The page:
Author: gymnosophista

Book Review: Worlds of Wonder, Days of Judgment

Book Review: Worlds of Wonder, Days of Judgment

Popular religious life in New England, unlike Europe, had no Christmas, cathedrals, abbeys, liturgies, wedding ales, or anything done away with by the Protestant Reformation of 1517. Yet the settlers did come with “folk” beliefs, sometimes older than Christianity, that had not been specifically targeted 

Book Review: Radical Spirits by Anne Braude

Book Review: Radical Spirits by Anne Braude

Ann Braude. Radical Spirits: Spiritualism and Women’s Rights in Nineteenth-Century America. Bloomington: Indiana University Press, 1989, 2001. Anne Braude’s 1989 Religious Studies classic Radical Spirits was one of the first texts to discuss how religion empowered women politically through the late nineteenth-century phenomenon of Spiritualism, a 

Book Review: Riotous Flesh by April R. Haynes

Book Review: Riotous Flesh by April R. Haynes

April R. Haynes. Riotous Flesh: Women, Physiology, and the Solitary Vice in Nineteenth-Century America. Chicago: The University of Chicago Press, 2015.

When Sylvester Graham offered the same sex advice to women as men—no masturbation, which would cause insanity, disease, and death, and no sexual excess in marriage—riots ensued. His 1833 “Lecture to Mothers” treated women’s passion as equal to men’s and instructed women to take control of their bodies and sex lives. Mobs of men, including libertines, reacted in violence to these teachings throughout the decade, claiming to protect women from a quack, but in reality protecting their sexual privilege.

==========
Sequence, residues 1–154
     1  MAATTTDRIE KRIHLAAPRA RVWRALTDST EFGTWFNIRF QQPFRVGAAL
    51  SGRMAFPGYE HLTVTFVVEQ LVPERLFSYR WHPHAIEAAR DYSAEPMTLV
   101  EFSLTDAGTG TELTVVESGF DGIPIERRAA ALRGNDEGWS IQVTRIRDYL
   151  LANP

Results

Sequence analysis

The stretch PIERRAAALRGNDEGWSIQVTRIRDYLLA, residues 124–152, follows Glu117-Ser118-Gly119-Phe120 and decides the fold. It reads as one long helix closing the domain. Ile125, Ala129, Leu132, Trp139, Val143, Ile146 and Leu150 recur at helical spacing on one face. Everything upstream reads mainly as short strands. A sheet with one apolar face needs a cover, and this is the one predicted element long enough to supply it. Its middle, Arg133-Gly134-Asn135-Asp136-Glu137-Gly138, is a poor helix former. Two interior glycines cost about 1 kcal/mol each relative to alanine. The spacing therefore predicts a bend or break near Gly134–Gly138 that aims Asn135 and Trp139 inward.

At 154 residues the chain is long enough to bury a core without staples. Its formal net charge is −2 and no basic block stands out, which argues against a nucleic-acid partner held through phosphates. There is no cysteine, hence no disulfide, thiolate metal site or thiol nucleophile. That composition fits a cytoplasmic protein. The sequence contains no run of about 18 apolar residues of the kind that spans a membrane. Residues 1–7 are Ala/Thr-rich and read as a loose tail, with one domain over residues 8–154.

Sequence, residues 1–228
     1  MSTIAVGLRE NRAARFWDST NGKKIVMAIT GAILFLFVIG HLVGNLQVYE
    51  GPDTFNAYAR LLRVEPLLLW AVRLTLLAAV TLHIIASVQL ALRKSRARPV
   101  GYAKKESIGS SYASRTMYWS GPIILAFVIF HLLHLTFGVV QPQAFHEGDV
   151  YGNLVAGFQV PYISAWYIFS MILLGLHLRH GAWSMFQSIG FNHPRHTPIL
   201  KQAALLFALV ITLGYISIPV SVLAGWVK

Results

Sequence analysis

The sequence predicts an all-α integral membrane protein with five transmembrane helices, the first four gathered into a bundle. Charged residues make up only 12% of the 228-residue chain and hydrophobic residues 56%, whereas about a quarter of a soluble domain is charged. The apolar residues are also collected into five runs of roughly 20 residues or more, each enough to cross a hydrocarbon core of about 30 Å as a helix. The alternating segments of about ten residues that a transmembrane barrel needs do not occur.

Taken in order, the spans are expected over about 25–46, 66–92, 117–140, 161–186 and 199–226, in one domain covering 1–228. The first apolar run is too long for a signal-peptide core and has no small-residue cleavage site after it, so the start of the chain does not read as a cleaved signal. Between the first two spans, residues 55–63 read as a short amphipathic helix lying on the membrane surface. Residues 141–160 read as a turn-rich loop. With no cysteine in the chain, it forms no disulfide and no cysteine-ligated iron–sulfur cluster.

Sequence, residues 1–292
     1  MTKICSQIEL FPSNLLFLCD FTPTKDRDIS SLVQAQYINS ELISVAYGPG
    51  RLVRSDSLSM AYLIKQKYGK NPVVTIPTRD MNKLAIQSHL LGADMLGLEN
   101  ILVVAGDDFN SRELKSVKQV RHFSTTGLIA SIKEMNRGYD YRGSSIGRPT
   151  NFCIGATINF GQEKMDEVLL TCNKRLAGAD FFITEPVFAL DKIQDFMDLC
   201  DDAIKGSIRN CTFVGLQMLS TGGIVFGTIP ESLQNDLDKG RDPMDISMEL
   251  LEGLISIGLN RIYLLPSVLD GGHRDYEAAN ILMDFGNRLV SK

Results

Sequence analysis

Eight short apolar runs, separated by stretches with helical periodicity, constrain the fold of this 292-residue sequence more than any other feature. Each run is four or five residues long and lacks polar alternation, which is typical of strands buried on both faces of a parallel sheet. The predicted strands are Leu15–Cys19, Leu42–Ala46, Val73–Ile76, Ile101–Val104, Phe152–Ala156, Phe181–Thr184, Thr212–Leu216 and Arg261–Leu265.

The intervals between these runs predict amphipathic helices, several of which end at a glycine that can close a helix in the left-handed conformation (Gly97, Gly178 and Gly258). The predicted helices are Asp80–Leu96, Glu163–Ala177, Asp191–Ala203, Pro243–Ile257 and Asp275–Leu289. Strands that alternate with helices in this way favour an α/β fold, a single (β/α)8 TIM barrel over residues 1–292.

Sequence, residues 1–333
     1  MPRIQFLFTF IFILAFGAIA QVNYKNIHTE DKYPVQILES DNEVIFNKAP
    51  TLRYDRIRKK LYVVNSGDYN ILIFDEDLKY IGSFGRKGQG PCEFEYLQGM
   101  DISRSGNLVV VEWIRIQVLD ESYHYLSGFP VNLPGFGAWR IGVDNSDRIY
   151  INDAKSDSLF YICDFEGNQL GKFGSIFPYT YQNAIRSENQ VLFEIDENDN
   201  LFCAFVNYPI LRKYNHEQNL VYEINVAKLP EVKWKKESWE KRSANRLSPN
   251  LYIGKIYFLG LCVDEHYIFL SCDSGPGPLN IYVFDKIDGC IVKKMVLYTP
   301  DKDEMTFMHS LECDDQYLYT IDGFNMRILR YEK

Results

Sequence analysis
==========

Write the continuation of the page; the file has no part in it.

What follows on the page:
Moral reformers are usually remembered as for temperance and against prostitution, but Haynes demonstrates that they were also out to challenge the double standard of “male sexual privilege.” Women dubbed this “false delicacy” a term that became elastic over time. Thousands joined the female reform movement in order to challenge the fairly new (see Kerber and Lyons) definition of woman as weak and passionless so that they might take control of their bodies. This was “the first social movement led by women in United States history (10). But this desire to gain control of their own bodies and sex lives shifted entirely to policing others.

White, Protestant, middle-class women reformers responded by demanding the right to learn physiology, including women in the male-defined republican virtue (see Kerber), and limiting citizenship through virtue rather than gender. Women, rather than men, launched the first national anti-masturbation campaign.

African-Americans joined this reform group, which was also active in abolition. They noted a “false delicacy” in white men when it came to interracial sex, which caused race riots in 1834. The rioters had no problem with interracial sex so long as white men were in control. These women also rejected the white reformers ideal of virtuous female purity because it was associated with virginity, whiteness, fragility, and passiveness. Virtue without purity indicated responsibility, intention, and striving and transcended race and gender. Further, unlike purity, one could not lose her virtue through rape.